Candid Camera For Endangered Birds

Andre Raine releases a fledging ‘a‘o that had been downed | Coco Zickos photos

Andre Raine releases a fledging ‘a‘o that had been downed | Coco Zickos photos

New technology is making it easier for humans to protect native Kaua’i seabirds by better understanding their behaviors

The native birds of Kaua’i are in grave danger, but they have some dedicated friends in the Kaua’i Endangered Seabird Recovery Project (KESRP). For the Hawaiian petrel (‘ua’u), Newell’s shearwater (‘a’o) and the band-rumped storm petrel (‘ake ‘ake), that means hope for many of their generations to come.

The group plays a significant role in efforts to slow the rate of population decline. The team of scientists, headed by Andre Raine, is using state-of-the-art technology to gather data on the birds so that problems are better understood and solutions are established.

“It’s at a point where we need to come to a turnaround, otherwise this decline is just going to keep going,” says Raine. “It would be a huge loss for the island.”

By increasing their knowledge of the birds’ behavioral patterns, scientists can produce long-term management plans to help ensure their continued survival.

This year, for example, cameras were able to monitor birds at nesting sites including upper Limahuli Valley, and have provided never-before-seen footage.

“It’s just revealing the secret life of these birds,” says Raine.

A camera’s infrared sensor picks up any movement and, when triggered, fires off a rapid succession of pictures while remaining invisible to the bird.

“So it’s almost like watching a video,” explains Raine.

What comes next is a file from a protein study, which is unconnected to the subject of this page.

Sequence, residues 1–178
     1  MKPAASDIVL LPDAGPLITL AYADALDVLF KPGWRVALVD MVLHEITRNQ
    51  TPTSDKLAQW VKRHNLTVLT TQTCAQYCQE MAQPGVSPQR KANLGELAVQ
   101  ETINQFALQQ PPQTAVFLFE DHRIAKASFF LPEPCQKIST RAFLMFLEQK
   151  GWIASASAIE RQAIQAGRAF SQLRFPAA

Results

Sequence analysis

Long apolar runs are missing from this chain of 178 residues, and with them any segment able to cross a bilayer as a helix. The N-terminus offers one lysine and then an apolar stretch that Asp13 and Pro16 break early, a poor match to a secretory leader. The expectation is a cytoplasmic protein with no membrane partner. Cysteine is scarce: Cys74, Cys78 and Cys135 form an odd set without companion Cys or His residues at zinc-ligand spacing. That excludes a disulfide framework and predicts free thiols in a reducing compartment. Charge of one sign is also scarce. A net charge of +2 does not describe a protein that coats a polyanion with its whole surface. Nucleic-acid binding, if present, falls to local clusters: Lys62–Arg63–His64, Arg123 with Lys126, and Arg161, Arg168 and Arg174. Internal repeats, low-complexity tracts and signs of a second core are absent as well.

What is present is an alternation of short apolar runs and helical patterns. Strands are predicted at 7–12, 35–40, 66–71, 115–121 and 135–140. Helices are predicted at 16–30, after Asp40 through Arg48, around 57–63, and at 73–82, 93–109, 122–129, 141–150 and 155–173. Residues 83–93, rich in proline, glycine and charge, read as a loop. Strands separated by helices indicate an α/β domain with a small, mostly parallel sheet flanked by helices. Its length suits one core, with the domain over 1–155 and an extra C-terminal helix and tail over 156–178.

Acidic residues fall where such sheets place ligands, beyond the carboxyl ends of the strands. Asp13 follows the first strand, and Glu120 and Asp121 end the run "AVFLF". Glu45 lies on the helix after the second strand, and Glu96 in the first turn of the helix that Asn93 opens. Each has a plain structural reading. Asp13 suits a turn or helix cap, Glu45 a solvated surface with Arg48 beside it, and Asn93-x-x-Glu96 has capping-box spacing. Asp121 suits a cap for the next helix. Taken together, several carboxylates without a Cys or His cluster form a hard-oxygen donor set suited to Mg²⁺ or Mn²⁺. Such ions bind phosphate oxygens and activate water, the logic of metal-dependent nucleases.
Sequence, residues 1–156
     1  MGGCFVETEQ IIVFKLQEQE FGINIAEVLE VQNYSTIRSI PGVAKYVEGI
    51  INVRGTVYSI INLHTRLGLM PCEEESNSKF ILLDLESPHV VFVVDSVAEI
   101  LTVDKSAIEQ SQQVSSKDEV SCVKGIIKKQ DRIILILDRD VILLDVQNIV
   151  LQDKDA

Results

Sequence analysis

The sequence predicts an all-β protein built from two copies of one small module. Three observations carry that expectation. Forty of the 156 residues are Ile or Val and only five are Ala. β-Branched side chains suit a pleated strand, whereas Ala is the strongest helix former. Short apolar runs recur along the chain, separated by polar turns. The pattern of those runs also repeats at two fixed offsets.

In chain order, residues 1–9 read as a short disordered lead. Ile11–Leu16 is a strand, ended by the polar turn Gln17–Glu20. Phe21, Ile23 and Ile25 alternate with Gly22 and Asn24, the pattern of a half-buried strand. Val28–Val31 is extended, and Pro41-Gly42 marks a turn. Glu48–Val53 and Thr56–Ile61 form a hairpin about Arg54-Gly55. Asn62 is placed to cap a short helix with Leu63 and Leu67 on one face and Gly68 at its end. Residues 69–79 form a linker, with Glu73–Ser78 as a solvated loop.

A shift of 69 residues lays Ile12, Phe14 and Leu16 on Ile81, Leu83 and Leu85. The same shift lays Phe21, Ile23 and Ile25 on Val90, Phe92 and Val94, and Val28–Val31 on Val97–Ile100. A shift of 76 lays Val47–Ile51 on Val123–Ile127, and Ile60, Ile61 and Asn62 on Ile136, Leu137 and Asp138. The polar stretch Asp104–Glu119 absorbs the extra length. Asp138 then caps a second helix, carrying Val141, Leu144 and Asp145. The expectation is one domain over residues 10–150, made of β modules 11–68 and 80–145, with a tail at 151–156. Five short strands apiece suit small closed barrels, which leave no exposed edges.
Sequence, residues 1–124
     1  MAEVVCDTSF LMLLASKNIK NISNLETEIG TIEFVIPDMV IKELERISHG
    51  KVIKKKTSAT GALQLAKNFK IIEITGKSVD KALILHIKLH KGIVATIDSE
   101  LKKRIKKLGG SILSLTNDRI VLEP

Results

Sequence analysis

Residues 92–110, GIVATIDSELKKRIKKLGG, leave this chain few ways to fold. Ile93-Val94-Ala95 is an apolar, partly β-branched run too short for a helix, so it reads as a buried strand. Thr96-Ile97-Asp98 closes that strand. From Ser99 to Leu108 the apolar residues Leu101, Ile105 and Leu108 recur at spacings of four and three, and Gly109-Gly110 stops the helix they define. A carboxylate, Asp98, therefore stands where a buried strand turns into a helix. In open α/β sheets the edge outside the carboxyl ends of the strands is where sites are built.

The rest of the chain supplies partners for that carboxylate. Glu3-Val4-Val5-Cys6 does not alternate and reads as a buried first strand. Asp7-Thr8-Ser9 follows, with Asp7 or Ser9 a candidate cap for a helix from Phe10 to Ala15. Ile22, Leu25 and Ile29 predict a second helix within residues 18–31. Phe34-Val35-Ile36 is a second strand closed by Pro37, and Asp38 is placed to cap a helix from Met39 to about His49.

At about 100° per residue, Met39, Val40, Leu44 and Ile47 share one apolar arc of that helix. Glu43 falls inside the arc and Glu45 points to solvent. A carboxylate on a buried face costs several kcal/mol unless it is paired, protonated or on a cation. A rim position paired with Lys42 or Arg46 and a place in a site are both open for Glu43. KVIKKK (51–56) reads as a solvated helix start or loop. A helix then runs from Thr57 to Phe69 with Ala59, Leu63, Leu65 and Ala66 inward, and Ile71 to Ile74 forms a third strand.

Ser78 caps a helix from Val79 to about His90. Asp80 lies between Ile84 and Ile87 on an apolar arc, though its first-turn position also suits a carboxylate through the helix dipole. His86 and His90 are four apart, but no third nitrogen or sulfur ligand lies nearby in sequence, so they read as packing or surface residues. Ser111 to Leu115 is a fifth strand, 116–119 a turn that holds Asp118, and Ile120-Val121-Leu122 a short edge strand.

With a camera used to monitor birds in their burrows

With a camera used to monitor birds in their burrows

By learning how much time the birds spend at their burrows, accurately establishing the time of year they arrive and depart, and figuring out how often they are visited by rats and cats, KESRP can develop methods to help protect them. Determining when the birds spend most of their time at their burrows during the year, for example, would assist scientists in creating a way to deal with introduced predators.

By collecting data such as the exact moment chicks emerge from their burrows, translocation techniques also may be cultivated, where the babies can be placed into other colonies to help increase their survival rate. This is something that must be done before they emerge, as once they come out of their burrow they become “fixated” on their colony.

The videos also reveal just how meticulous the birds are about keeping their burrows clean, and the intimate interactions between adults and babies.

“It shows people a side of the birds nobody really gets to see,” says Raine. “It’s really amazing to see them interact naturally.”

In fact, this is the first time Newell’s shearwaters have been observed this way. The only time people really get a chance to see these birds are when fledglings have fallen to the ground on their way out to sea because of lights and power lines. They are almost always lost and frightened in the midst of an unnatural concrete jungle.